The Industrial IoT (IIoT) is generating buzz both on and off the show floor of the Manufacturing and Technology Conference and Expo this week, with vendors showcasing their latest solutions and end users like Toyota describing successful IIoT use cases.
"I think that education on the subject, and examples of direct value-add being demonstrated in pilot applications, is causing companies to take notice and begin to ask: 'What could we do to improve our operations?' This is one of the biggest areas that Bosch & Bosch Rexroth is working in at the moment—to show that it is not complex and expensive (small steps can be done), and benefits can be seen from adding connectivity to existing capital equipment and processes," said Scott C. Hibbard, VP of Technology, Industrial Applications, Bosch Rexroth Corp. Hibbard was a speaker at the workshop titled "The Smart Factory is Now: Cutting Through the Clutter Known as Industry 4.0."
One reason why industrial automation companies like Bosch Rexroth are deploying so many IIoT applications inside their own manufacturing facilities is to allow others to see what can be done and demonstrate that it isn't only for greenfield facilities.
From ERP to IIoT
“You could say we’ve been doing a version of IIoT for the past 25 years, inside the four walls of the manufacturing plant,” deadpanned Tom Muth, Senior Manager of Product Marketing and Process Manufacturing, Epicor Software Corporation. The $1B company provides ERP and MES software to over 20,000 companies in manufacturing and retail operations.
And to an extent they have. Manufacturers that are using ERP and MES software are collecting data on the shop floor to improve operations and quality, reduce waste and identify critical issues, which are some of the key benefits of the IIoT.
Users of the software might seem like the perfect candidates for extending their business intelligence through an IIoT implementation. And indeed, many people we talked to at the show said that momentum around the IIoT is picking up.
But some end users are still wrestling with overcoming real or perceived deterrents—a situation confirmed by our recent survey of manufacturing professionals.
Survey respondents were asked to consider a list of deterrents to leveraging IoT in their organizations and asked to select all that applied. The top ten responses appear in the above chart.
Mary Bunzel, Worldwide Industry Leader, Manufacturing at IBM, said that many companies simply don’t know where to start when it comes to the IIoT. At the show, IBM is showcasing its predictive maintenance, quality and warranty solutions, including IBM Maximo, an enterprise asset management software solution, and IBM Watson IoT Platform Analytics.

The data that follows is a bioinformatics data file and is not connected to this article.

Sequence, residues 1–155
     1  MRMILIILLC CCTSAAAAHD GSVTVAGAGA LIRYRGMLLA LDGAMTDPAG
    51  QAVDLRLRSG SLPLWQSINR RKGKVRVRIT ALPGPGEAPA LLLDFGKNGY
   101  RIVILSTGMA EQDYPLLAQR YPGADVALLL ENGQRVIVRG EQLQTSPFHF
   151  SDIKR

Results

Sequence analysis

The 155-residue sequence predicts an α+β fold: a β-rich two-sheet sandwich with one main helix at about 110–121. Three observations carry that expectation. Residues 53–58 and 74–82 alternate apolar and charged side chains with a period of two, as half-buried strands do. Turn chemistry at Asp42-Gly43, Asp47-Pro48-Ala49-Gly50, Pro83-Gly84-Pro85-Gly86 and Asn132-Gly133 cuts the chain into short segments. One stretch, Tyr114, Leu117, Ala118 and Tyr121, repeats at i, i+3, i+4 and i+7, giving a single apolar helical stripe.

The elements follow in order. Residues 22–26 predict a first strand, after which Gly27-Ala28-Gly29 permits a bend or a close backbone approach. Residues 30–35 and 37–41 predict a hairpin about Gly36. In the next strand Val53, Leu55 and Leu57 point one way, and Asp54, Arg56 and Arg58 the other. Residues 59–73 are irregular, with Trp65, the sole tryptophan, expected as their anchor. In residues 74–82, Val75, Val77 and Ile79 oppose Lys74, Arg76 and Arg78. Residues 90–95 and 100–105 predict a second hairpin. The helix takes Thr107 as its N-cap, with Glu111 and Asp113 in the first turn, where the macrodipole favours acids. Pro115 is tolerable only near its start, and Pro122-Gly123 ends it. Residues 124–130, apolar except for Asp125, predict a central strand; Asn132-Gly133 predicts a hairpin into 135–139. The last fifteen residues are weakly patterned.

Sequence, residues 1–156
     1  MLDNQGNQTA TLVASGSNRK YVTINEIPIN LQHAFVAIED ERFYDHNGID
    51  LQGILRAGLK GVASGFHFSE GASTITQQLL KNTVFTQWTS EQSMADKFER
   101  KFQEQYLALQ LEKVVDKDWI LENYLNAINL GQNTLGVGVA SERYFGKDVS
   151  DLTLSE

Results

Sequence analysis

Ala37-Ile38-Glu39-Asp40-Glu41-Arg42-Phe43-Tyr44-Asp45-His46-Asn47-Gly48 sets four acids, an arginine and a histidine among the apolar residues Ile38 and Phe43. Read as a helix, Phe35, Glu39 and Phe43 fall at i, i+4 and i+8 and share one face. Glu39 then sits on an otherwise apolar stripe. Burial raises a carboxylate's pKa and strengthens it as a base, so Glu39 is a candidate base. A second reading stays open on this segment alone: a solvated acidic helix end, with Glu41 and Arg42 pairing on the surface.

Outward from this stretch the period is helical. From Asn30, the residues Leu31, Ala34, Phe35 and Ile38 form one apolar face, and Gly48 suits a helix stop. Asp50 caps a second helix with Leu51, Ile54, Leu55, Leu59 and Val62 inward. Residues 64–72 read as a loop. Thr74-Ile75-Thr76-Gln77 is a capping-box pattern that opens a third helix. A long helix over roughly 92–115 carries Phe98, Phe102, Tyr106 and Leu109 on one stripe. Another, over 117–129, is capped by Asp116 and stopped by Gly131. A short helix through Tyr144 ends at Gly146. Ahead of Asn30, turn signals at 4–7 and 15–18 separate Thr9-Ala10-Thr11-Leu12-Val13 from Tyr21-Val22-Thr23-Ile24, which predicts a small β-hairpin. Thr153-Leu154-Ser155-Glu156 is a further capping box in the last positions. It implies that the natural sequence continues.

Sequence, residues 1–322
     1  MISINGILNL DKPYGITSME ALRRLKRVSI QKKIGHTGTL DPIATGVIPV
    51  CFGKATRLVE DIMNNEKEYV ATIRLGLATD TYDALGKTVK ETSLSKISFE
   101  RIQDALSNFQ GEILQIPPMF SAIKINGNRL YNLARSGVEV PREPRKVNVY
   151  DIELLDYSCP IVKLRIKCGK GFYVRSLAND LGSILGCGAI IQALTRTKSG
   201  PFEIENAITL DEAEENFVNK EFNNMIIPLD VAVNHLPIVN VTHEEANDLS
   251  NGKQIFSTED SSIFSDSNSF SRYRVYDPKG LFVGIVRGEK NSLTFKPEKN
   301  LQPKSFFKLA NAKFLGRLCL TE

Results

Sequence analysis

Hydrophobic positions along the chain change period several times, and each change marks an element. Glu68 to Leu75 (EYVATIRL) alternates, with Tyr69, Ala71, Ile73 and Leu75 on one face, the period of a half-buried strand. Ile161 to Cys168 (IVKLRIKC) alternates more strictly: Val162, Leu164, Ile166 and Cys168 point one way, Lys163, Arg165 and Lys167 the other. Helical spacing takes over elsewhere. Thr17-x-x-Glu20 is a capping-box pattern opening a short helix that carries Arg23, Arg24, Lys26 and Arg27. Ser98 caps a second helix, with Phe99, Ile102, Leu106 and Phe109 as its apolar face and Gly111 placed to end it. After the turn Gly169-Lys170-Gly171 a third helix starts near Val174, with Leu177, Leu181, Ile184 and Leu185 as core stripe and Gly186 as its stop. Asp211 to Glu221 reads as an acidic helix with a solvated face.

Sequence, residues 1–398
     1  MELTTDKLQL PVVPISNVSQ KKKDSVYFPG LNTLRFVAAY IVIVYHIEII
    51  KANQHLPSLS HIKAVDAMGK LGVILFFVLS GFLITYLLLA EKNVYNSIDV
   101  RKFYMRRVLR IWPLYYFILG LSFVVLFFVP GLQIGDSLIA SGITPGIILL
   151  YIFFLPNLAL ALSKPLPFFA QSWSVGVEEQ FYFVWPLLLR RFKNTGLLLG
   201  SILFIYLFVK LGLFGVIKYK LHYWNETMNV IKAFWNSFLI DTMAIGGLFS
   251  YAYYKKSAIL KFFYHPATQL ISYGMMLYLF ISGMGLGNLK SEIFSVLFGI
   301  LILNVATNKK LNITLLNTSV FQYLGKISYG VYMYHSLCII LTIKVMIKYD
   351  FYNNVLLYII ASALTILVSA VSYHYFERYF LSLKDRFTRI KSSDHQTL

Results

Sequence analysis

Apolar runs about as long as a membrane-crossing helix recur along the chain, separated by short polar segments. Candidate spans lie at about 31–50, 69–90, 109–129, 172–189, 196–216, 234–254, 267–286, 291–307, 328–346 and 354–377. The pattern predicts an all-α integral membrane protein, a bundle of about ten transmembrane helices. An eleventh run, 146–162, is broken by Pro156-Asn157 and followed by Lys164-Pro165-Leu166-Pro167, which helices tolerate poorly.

Asked what would help end users gain more confidence about the IIoT, her answer was unequivocal: “More use cases.”
Use cases can help companies that are struggling to identify the right application, gain confidence in the technology, and justify it. “The thing is, nobody ever comes asking for the IoT. Our customers are now interested in how they can go beyond what they are already doing with the data, But right now many are trying to figure out how to build a business case for it,” said Muth said.
For some, that may be only a matter of time before making the leap. "Initially, most companies don't understand what the benefit is by putting their data in the cloud," said Jeffrey Smith, VP of Business Development and Strategic Accounts at Telit, which provides both an enterprise-grade industrial automation platform and a cloud-based IoT service for factories. "But then it's like the lightbulb turns on and they're saying, "Hey, why aren't we putting it in the cloud?"
Security and data privacy issues remain a concern for many end users. Hibbard confirms that's true, but he has a slightly different take on the matter. "Yes, Security is a high concern, but really the security risks that exist with regards to ERP data are now as high as those that do (or would) exist with a connected manufacturing floor. The same solutions can be used too," he said.
Todd Montpas, Product Manager, Information Software at Rockwell Automation, agreed that while security and data privacy are concerns, it's not a showstopper for end users. In fact, he sees the mindset beginning to shift. “We’re not seeing anyone choosing a public cloud, but I think we will in the future.”